On the financial management side, the debt-to-equity ratio rose slightly to 118% from 114% the previous year. It was still well below debt levels seen in the late-1990s and 2000. Industry debt levels “are not high or low relative to other distributors,” Harvey says. And given the amount of cash available for debt payments, debt levels are hardly a concern on an industry-wide basis. The industry generated cash from operations last year that was more than 22 times the amount of scheduled interest service, a ratio that was nearly 10 times higher than it was in 2003. “The bottom line is that the typical service center has a good balance between debt and equity financing,” Harvey says.
OFF THE CHARTS
Given these improved benchmarks, it is not surprising that two bottom-line measures of profitability, return on assets and return on equity, were virtually off the charts compared with those of previous years. Return on assets, a measure of profit generated by a company's equity and debt, was 24%, up from 3% in 2003 and more than seven times higher than levels seen in the late 1990s. Return on equity was 56%, reflecting robust profitability that was achieved without assuming higher levels of leverage.
“It was the big-picture dynamics that caused such a drastic turnaround,” says Rick Marabito, chief financial officer of Olympic Steel in Bedford Heights, Ohio. A major boost in demand from industrializing nations such as India and China followed a period of consolidation in the steel industry into a handful of financially stable companies. In addition, the rapid pace of the recovery in demand, following several declining years, also was a key factor in last year's improved pricing. Steel mills were initially reluctant to step up production, leading to declining inventories and a tight supply situation in the United States. “It took the mills a while to be convinced there was truly an ongoing increase in demand,” says Everett Chesley, chief financial officer of Integris Metals in Minneapolis.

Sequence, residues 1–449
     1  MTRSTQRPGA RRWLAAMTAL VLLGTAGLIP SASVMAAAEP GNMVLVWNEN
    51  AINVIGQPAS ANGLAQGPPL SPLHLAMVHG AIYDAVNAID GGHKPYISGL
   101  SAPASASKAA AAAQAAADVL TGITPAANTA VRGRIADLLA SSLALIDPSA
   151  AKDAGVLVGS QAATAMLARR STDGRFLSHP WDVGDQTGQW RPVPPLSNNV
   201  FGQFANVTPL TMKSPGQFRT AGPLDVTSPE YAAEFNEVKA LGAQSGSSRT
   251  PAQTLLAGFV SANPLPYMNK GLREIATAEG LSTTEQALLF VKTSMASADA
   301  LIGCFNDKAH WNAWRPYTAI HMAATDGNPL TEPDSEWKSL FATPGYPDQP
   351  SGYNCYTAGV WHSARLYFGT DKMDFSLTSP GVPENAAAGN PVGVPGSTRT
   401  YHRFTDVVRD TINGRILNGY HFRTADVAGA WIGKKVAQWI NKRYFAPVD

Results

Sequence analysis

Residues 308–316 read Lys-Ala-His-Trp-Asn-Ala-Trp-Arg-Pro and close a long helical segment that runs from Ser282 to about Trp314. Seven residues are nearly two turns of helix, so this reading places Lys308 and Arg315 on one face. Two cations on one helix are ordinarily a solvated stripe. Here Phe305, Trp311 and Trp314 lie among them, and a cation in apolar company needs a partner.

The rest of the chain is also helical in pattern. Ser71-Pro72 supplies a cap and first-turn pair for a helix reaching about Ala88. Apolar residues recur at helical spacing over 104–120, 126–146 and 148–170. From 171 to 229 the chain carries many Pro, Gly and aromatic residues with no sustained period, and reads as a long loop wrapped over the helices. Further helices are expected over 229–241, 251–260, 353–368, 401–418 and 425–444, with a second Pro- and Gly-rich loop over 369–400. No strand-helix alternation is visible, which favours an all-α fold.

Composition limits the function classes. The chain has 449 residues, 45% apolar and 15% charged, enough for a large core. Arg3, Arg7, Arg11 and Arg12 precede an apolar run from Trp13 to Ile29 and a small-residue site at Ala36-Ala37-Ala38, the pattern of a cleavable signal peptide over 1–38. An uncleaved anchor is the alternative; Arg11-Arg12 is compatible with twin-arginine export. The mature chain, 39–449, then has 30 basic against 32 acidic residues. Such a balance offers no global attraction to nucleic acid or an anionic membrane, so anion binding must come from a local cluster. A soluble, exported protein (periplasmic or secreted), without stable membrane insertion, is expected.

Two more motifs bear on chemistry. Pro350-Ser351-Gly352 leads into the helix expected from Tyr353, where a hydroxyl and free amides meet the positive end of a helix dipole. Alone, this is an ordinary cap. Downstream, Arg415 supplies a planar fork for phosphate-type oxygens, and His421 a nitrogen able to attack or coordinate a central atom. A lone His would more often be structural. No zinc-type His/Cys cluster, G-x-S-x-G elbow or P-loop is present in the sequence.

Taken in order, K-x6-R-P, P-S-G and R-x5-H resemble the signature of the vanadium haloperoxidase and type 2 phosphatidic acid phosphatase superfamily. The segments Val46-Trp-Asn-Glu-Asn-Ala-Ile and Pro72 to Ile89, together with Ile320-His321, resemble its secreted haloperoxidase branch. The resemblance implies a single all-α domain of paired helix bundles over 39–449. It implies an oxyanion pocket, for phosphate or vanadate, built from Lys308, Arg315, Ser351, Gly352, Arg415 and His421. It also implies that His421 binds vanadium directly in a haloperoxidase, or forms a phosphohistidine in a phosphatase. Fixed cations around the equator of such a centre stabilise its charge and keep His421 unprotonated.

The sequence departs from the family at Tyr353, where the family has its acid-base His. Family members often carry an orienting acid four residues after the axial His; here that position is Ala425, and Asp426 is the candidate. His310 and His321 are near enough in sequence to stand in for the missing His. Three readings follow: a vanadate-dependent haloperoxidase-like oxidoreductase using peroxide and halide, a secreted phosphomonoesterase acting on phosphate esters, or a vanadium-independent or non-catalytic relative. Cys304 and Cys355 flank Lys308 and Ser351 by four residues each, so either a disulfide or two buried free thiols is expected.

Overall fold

By most measures, 2004 was an unusual year, but industry executives say the year's data still provide useful benchmarks for their companies. “One of the advantages of a benchmark is you're not just looking at historical performance; you're using it to compare yourself to a much improved industry,” Chesley says. “What you're trying to do is beat your competition and be a leader in the market, whatever year it is.”
To what degree last year's favorable conditions will carry on into 2005 remains to be seen, although early indicators have been promising. Ultimately, industry ratios will head back toward their long-run averages; companies must learn from their relative performance last year how to manage the cooling-off period. “Just because I had a good year last year doesn't mean I couldn't have had a better year,” says SOS Metals' Janson. “There are a lot of underlying things you need to continue to deal with, like expense control and inventory turnover. Sometimes when you have a real good year it's sort of easy to forget about those things.”